The NDSU archives look unassuming enough, located in a large warehouse near the interstate in the warehouse district in Fargo, but once inside one will discover a treasure trove of information. “We have over 20,000 books on the history of North Dakota, covering every topic you can think of. We do specialize in town and county histories, biographies, histories of various businesses... We cover a really wide array of subjects from North Dakota.” Says Trista Raezer-Stursa, head of the NDSU Archives.
Along with the extensive collection of books there are two digital microfilm readers with which patrons can save information via PDF and save to a jump drive for further reading. But the real treasures are housed in the vault, Stursa said. “Basically what we specialize in is collecting unique historical materials that pertain to the history of North Dakota -- and NDSU, of course. We collect things like correspondence diaries, business records and photographs. We really specialize in photographs.”
She went on to say, “What makes us unique is libraries might have a book that would be at hundreds of other libraries around the country, what we have is totally unique and one of a kind. Nobody has what we have.”
“We have some civil war diaries, obviously we weren’t a state yet, but veterans came out here to homestead and brought their things with them.” Stursa said. One veteran even brought back a collection of confederate money which is also housed in the archives.
One of the most recent acquisitions was a box from the Fargo Parks District, full of WPA (Works Progress Administration) materials from the Depression era. The box contained photos and documentation, and maps of projects that the parks department was involved in.
The archives house over half a million photographs -- 20,000 of which are posted online via Flickr and Digital Horizons. Digital Horizons combines the photo collections of not only NDSU but the State Historical Society, Concordia, and Prairie Public. The archives also possess meeting minutes from Fargo’s first city council meetings in the 1870s-2002, and even one of the first diplomas issued from NDSU in 1895. The materials are primarily donated and researchers from across the globe have used them in their study. In fact, the German car manufacturer Audi recently reached out to the archives to use a photo from their collection to be used in a staff newsletter.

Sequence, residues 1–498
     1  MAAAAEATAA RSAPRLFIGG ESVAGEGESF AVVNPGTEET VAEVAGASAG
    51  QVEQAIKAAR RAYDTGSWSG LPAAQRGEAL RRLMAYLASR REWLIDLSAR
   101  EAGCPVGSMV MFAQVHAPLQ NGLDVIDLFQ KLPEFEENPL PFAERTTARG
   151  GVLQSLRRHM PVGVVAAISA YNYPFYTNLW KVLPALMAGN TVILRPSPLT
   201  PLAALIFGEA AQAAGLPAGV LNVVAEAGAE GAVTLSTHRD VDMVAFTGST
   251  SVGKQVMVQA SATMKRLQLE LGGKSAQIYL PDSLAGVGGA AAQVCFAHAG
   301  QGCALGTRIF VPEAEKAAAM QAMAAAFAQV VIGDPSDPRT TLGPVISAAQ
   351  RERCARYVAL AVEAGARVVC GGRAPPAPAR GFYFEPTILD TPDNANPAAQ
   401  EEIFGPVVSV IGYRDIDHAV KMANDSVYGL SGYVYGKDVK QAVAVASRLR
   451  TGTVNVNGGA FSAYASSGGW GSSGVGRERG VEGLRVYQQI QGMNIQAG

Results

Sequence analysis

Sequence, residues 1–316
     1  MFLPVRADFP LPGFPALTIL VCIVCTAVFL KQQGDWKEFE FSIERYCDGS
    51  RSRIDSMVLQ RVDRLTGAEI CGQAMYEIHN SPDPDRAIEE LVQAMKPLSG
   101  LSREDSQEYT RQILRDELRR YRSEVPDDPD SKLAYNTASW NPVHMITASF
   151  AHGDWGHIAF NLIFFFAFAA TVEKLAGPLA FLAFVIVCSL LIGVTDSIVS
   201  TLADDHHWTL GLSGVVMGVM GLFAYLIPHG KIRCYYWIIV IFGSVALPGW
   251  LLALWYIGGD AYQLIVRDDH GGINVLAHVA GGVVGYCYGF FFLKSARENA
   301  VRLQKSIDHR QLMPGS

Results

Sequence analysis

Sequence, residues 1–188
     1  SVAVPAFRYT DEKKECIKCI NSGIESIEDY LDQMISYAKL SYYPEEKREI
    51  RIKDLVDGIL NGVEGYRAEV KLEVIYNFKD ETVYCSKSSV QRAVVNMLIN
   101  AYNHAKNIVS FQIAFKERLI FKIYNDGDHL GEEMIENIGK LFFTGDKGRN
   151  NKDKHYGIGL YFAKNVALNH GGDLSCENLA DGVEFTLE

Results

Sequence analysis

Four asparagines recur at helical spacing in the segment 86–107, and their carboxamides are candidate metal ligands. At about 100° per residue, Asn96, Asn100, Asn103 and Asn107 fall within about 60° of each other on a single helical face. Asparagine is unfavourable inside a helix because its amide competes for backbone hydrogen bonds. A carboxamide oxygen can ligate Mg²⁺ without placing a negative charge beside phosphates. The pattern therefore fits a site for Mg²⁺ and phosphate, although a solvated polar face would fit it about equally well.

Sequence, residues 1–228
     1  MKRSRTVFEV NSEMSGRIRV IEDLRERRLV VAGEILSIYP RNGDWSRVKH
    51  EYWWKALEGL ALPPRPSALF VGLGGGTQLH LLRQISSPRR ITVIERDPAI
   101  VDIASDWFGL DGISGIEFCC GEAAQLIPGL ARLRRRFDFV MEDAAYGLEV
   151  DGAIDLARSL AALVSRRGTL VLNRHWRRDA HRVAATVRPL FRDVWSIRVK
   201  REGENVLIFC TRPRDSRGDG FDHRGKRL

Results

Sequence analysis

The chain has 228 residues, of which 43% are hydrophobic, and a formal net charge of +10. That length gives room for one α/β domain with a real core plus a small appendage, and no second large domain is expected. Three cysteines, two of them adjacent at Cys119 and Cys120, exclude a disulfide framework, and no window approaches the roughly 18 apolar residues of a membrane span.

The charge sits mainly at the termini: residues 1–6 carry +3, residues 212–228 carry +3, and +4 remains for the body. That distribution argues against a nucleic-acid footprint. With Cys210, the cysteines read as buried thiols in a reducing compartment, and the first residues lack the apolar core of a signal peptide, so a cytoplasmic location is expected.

The NDSU archives recently acquired high-density mobile compact shelving. It’s an attractive unit embellished with a photograph of Old Main from the 1920s--complete with a Model T.
“You push a button and choose what row you want to move," Stursa said. "This storage unit has nearly doubled the capacity of this room. We were like... 99% full.”
As a safety precaution, laser sensors are placed at the bottom of the unit to ensure that no researchers or administration will be crushed in the course of their work.
Who uses the archives? Anyone can access the archives, but lots of history classes and architecture students do, if they are studying the historic buildings downtown.
Stursa gestured toward a few flat files that contained architectural drawings, oversized photographs, maps, and posters. The archives contribute to rotating exhibits at the NDSU library as well as throughout the campus. There was also a small exhibit of trinkets donated by former U.S. Senator Milton R. Young, celebrated for his longevity serving in the senate (1945-1981).
Stursa also mentioned that many researchers come in to work on their own history books.
“It’s always kind of fun to see the output of people’s research when they come here,” Stursa said.
IF YOU GO
NDSU Archives Open House
Thursday, February 15, 3:30-5pm
NDSU Archives, West Building: 3551 7th Ave N
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